The Dirt : Getting your start in the music biz

The Dirt : Getting your start in the music biz

We’ve spent this past month trying to track down the best high school age artists during Unearthed High 2018. But what about if you’re a young person who wants to work on the other side of the music business? Where do you even begin if you wanna be a booking agent, manager, radio presenter or any other industry cool cat? 

triple j Unearthed's Claire Mooney tracked down three young top guns who all started kicking goals in the music industry while they were still in school and DEMANDED to know how they did it. Georgia Cooke (Remote Control Records), Nic Kelly (Night High Records, Project U) and Dom O’connor (Laneway Festival, Mushroom Music) sat down with us to tell us what their teen secrets to music biz success.

So here we go- what’s the best first step for a career in the music industry?
 

 

Find what you love and what you’re good at

Nic Kelly has been collaborating with EMI on his own record label for several years now but his big moment came when a song by the band Years & Years that he loved wasn’t getting any attention in Australia.

“It was going reasonably well in the UK… but I started a campaign called '#kingwatch' to make it a big deal in Australia through my blog and through social media to get this song to the position it deserved to be… It eventually got to #3 and then EMI music, they hit me up”.

They asked Nic if he wanted to run his own record label, all because he was out there successfully championing the music he loved. 

 

Find a friend making music and help them out

If you’re just starting out, you might not yet know any industry bigwigs who can hook you up with an internship or a job. If you wanna get their attention and learn some important skills though, there’s no better way than by doing. Georgia reckons that one of the best first steps is finding a friend in a band and helping them out.

“There are so many other things you could do… If your friend has a band and you think they’re awesome and you want to try and make them famous, just ask to help them. Selling merch at their table at any gig, or helping them upload songs onto Unearthed or doing PR yourself”

Your first gig might be managing your mate Gary’s new band and that’s a fantastic starting point to learn the ropes of the music industry.

 

Be ready to volunteer but don’t get taken advantage of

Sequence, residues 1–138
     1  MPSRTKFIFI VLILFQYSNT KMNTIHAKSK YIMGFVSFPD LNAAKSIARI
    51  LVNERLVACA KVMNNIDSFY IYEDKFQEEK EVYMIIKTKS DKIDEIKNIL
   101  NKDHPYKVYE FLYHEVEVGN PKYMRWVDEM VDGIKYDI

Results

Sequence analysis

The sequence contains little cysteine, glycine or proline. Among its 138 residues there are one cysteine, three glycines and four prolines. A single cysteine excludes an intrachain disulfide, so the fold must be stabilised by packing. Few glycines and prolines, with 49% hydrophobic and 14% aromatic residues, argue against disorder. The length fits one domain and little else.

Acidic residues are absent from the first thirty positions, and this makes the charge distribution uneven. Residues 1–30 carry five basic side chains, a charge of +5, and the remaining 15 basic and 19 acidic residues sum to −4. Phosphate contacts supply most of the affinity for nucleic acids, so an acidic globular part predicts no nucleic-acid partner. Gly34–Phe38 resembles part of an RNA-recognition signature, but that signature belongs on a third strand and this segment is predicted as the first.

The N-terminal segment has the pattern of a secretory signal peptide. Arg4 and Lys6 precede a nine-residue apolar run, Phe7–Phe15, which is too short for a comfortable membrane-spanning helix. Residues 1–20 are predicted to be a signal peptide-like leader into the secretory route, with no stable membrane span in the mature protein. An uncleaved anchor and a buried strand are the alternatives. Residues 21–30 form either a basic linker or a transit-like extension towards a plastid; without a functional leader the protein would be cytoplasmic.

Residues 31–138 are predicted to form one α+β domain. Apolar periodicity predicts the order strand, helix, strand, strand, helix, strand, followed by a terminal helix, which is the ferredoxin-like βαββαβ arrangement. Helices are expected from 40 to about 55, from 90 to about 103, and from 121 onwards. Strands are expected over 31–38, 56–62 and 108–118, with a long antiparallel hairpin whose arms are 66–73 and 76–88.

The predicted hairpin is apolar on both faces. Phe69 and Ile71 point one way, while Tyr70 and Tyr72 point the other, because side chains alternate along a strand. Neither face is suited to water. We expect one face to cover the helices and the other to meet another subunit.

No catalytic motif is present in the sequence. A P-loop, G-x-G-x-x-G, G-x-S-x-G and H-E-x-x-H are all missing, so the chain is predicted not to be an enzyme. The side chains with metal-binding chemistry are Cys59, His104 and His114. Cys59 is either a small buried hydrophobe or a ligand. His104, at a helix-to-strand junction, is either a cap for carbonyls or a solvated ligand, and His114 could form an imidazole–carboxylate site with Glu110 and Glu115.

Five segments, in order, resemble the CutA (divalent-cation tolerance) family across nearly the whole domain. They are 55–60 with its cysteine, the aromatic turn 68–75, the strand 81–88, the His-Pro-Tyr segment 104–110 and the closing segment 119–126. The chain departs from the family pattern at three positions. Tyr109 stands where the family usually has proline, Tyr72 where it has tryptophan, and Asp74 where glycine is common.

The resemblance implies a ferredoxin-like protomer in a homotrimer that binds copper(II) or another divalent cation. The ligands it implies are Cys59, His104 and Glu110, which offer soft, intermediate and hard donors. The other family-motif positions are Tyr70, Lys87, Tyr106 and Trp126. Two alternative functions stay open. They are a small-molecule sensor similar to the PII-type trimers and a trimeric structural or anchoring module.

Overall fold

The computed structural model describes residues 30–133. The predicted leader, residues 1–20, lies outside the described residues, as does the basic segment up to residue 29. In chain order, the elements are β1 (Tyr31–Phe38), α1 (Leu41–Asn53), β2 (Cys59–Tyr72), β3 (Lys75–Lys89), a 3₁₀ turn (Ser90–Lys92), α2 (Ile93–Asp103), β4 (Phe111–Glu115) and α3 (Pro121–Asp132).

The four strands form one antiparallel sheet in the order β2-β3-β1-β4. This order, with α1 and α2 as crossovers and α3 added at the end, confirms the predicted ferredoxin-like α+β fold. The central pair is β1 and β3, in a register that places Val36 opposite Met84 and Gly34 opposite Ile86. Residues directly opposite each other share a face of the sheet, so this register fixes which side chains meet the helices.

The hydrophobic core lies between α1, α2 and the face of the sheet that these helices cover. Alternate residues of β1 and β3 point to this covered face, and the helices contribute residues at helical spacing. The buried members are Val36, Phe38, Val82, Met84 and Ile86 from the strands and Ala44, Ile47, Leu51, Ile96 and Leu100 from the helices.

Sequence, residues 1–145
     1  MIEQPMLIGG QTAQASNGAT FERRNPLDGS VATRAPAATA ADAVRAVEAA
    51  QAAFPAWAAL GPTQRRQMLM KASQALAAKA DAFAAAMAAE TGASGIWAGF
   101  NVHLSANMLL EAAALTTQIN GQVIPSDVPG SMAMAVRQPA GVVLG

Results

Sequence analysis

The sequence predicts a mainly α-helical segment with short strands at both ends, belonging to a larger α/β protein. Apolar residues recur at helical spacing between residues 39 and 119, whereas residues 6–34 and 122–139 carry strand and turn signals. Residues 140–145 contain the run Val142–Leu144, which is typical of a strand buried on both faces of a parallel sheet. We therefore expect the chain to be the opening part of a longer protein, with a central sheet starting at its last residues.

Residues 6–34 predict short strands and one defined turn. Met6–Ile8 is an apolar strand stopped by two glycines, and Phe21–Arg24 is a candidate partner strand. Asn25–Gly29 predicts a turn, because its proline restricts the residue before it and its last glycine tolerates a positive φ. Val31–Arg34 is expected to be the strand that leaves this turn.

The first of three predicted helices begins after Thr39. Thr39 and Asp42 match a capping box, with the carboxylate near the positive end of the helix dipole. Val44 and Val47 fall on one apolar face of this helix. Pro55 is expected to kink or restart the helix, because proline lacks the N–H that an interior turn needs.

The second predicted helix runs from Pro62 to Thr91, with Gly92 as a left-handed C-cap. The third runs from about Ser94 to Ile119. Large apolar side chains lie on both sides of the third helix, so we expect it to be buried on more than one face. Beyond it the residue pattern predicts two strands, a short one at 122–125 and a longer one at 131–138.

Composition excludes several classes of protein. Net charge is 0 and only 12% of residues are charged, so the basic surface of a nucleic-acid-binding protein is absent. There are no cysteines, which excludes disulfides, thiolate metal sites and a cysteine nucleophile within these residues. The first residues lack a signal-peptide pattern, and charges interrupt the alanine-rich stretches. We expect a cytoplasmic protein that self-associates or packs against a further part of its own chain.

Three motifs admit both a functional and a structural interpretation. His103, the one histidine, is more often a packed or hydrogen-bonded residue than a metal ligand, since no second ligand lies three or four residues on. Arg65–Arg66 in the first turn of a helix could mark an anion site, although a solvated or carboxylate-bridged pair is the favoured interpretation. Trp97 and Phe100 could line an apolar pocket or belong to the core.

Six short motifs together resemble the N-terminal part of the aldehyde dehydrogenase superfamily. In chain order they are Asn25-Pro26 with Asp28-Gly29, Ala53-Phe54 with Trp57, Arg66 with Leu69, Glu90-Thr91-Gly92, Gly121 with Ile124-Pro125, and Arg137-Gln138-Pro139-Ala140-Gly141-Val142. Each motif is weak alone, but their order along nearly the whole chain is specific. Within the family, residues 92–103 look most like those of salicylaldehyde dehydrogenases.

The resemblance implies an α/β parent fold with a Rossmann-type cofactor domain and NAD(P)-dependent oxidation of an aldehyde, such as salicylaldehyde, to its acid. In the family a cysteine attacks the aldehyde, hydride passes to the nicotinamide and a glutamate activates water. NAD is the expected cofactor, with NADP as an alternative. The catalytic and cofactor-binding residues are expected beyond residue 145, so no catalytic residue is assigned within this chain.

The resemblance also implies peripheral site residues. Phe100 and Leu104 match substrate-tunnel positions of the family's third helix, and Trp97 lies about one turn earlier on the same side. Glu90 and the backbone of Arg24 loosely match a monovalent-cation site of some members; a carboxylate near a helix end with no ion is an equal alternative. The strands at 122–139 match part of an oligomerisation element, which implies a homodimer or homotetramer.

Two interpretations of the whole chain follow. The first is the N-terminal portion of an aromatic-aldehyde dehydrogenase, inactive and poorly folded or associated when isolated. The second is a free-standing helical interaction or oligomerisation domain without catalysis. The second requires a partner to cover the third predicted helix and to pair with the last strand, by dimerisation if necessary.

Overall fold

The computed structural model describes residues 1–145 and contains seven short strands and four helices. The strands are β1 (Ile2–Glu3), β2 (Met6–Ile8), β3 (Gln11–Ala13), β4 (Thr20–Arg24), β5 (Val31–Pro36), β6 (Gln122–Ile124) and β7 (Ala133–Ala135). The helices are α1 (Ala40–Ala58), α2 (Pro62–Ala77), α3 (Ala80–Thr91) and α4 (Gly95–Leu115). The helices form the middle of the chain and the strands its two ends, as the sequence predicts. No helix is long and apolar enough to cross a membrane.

Dom O’Connor works at both Laneway Festival and Mushroom Music now but most of his early work in music was unpaid. He volunteered at community radio doing all nighters which may not have been glamourous but it was a big step in his learning process.

“Don’t be afraid of doing things for free when you’re starting out… When it comes to working for free you have to weigh up the benefits of how much am I gonna learn doing this role and are they just taking advantage of free labour. If you’re learning something you wouldn’t be able to get elsewhere then you gotta weigh up whether its worth it or not”.

Noone wants to be doing coffee runs and data entry for free but if there's something important you can learn, it might just be worth it.

 

Get involved in a community group

Georgia Cooke works at Remote Control now but her earliest experiences in the music industry came at only 14 years old. She started putting on gigs for herself through a community group called FreeZa.

“[It's] essentially this Victorian initiative where young people can put on all ages gigs for other young people… we got to work on things like St Kilda fest and Pushover Fest"

"From that… I got involved in The Push [who run FreeZa]… and I was paired up with a woman called Lorrae who worked at Remote Control and now I work there!”

 

Get out there and start doing your own thing

The common theme with everyone we spoke to was that they didn’t wait until they had an official role or big online following. They were tweeting, writing, making radio, booking shows, sharing songs, curating playlists and getting involved on their own. You don’t have to wait to be asked to put on your own gig and it couldn’t be easier to start a music blog online.

If you’re at school, keep focusing on your studies but don’t hesitate to start your first music project!

If you're looking for more guidance on anything from Music Publishing to Getting a Grant or Venue Booking? Check out some of our previous instalments of The Dirt.

And remember: You got this.